Investigative guidelines, and the law enforcement and case-orientation of the Bureau, are vitally important to preserving civil liberties. The government argues that a number of highly intrusive intelligence gathering techniques – including collecting files on individuals and groups, physical surveillance in public places, and tracking the sender and recipient of mail, telephone and Internet communications – are not constitutional “searches” subject to the Fourth Amendment’s probable cause standards. As a result, for investigations using such techniques, it is only the guidelines and case-oriented structure of the investigating agency that protects against widespread spying on lawful political and religious activities.
For those intrusive techniques that the government concedes are searches – including electronic eavesdropping of the content of communications and searches of a person’s home or office – the Fourth Amendment and federal statutes plainly require court approval based on probable cause. However, the Fourth Amendment’s principal remedy, the exclusionary rule, does nothing to hinder illegal searches and wiretaps if the government does not plan to use the information in a prosecution or otherwise in court.
Of course, the FBI has been given many – in the minds of many Americans, too many – new powers by the USA PATRIOT Act and by the loosening of its investigative guidelines. Still, while the FBI’s powers in national security and intelligence investigations have dramatically increased, the FBI still does not view itself as an agency concerned with spying on law-abiding Americans, and has, to a significant extent, institutionalized and learned from its past mistakes.
Even before 9/11, post-Watergate controls and reforms have on occasion proven inadequate to prevent inappropriate FBI spying. Perhaps the best example is the wide-ranging investigation of the Committee in Solidarity with the People of El Salvador (CISPES), a group opposed to President Reagan’s Central America policy during the 1980’s. Nevertheless, in these instances, the FBI spying has been almost universally rejected. FBI investigations that appear to target organizations or individuals because of their political or religious beliefs, instead of their criminal conduct, are seen as illegitimate.
Critics of placing the FBI in charge of domestic national security surveillance argue that the case-oriented mindset of a law enforcement agency cannot be reconciled with quality intelligence analysis. While the FBI concerns itself with gather information of relevance to particular cases, they argue, intelligence analysts must be looking more broadly to see how specific data fits into the “big picture” of a national security threat.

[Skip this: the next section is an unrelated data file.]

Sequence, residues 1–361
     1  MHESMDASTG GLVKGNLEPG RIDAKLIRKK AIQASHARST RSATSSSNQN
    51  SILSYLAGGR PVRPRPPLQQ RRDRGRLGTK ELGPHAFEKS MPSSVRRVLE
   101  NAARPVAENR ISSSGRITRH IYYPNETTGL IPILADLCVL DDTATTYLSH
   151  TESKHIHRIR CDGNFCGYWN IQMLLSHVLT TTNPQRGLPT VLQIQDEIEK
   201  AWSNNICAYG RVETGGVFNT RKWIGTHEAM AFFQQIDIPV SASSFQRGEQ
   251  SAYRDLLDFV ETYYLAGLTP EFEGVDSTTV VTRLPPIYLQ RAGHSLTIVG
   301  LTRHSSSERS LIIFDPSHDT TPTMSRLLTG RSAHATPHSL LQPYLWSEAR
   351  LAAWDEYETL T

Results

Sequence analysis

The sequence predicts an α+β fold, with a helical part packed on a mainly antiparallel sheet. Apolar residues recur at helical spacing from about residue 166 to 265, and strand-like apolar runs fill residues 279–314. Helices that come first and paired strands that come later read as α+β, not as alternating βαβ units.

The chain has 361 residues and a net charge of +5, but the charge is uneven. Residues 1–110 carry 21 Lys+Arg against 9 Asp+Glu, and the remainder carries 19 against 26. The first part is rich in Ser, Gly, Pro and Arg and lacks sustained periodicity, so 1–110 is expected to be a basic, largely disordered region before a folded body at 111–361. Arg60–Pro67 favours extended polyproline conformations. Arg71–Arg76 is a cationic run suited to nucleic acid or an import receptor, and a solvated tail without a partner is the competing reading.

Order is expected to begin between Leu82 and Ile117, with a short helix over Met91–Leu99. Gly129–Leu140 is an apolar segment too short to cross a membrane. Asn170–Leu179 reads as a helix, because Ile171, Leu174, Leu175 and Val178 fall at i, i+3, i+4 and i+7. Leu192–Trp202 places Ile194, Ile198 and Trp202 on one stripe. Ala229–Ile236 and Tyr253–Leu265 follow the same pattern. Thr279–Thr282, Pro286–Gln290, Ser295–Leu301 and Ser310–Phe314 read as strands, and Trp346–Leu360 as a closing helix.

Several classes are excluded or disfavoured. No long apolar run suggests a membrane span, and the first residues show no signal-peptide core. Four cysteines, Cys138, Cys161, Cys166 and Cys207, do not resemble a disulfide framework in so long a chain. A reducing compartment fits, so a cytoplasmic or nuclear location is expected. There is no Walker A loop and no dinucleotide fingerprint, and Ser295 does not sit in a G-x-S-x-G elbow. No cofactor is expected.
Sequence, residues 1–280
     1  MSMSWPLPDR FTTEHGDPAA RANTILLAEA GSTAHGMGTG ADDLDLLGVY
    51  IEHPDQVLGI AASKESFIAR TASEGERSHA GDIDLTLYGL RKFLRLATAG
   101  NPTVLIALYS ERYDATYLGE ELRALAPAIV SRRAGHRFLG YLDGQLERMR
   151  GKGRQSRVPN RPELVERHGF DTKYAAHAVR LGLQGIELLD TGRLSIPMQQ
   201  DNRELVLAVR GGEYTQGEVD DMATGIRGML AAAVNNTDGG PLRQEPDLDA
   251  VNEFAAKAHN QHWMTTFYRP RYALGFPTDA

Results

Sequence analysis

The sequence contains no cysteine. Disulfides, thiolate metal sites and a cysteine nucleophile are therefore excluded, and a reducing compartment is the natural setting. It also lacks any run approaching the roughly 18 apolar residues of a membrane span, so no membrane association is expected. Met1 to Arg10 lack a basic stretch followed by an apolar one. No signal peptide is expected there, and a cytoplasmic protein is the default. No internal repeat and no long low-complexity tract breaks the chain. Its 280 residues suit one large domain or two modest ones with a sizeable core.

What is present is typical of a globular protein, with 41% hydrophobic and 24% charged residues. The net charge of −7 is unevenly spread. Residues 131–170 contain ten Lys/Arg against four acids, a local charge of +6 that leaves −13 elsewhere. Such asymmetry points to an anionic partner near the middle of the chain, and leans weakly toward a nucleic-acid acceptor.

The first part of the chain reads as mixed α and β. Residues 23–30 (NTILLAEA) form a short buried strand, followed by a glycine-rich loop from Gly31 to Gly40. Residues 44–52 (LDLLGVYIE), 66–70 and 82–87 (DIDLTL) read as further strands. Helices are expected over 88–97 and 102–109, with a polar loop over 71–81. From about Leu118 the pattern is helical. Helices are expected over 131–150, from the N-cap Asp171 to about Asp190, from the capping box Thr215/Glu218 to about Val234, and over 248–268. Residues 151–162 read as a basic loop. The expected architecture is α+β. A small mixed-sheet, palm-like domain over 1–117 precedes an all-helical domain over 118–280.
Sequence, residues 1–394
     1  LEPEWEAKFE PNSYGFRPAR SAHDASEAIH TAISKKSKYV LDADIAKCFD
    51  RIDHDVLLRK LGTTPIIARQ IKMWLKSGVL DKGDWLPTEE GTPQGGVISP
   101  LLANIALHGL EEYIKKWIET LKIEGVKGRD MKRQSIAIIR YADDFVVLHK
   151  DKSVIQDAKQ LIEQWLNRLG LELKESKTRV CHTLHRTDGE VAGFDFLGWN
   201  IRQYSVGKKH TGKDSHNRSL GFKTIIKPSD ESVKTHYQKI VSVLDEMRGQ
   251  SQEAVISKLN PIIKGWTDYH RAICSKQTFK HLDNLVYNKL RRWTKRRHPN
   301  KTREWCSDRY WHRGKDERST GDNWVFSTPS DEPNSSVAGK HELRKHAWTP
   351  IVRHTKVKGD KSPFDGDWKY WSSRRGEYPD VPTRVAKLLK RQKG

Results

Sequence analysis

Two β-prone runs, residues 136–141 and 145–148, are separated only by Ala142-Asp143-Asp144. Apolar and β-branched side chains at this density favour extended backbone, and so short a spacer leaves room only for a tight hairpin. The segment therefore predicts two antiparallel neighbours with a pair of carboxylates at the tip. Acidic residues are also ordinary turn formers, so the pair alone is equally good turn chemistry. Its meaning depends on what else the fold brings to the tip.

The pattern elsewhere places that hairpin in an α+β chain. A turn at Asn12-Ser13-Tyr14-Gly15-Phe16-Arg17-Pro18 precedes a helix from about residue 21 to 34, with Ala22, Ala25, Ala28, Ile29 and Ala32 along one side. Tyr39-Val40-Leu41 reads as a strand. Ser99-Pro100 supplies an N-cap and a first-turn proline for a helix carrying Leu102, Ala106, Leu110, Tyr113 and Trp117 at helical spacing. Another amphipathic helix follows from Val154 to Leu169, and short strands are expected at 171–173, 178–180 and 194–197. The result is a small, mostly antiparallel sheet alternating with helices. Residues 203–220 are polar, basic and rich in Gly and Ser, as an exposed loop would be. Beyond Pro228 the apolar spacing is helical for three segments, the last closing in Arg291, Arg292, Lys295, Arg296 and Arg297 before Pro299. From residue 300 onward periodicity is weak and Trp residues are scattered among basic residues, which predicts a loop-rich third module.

This critique sweeps too broadly because it fails to recognize the difference between two very different kinds of cases. The FBI not only investigates particular crimes – generally, crimes that have already occurred and must be “solved” – it also opens “enterprise” investigations of organized crime and terrorism. Enterprise investigations put an entire criminal organization, such as the Mafia, a major drug gang, or a terrorist organization such as Al Qaeda or Hamas, under investigation. FBI investigators are not limited to the investigation of specific crimes committed by the organization, but are instructed to gather intelligence information and analyze it to find out the “big picture” of how the organization works to prevent future crimes.
For example, in investigating a domestic funding network for Al Qaeda as a possible criminal enterprise, the FBI is not limited to investigating whether the organization was involved in funding specific terrorist bombings or other attacks, such as the 1998 embassy bombings in Africa, the 1999 bombing of the U.S.S. Cole, or the September 11 attacks. Rather, the FBI has authority to investigate the organization as an enterprise, and to fit together bits of information that help prevent future terrorist attacks, not just gather information about past crimes. The FBI’s failures in analyzing information about Al Qaeda’s domestic activities are not a result of flaws in the basic concept of an enterprise investigation; rather, they appear to be the result of a combination of other failures that must be addressed on their own terms.
Of course, even an enterprise investigation has – and should have – limits. The rules for enterprise investigations reflect the reality that such investigations pose greater risks for civil liberties because they are not linked to particular crimes. Under the rules, an enterprise investigation of a specific group suspected of aiding Al Qaeda cannot – and should not – morph into a broad intelligence gathering exercise directed at mosques or Islamic community centers where there is no indication of any criminal activity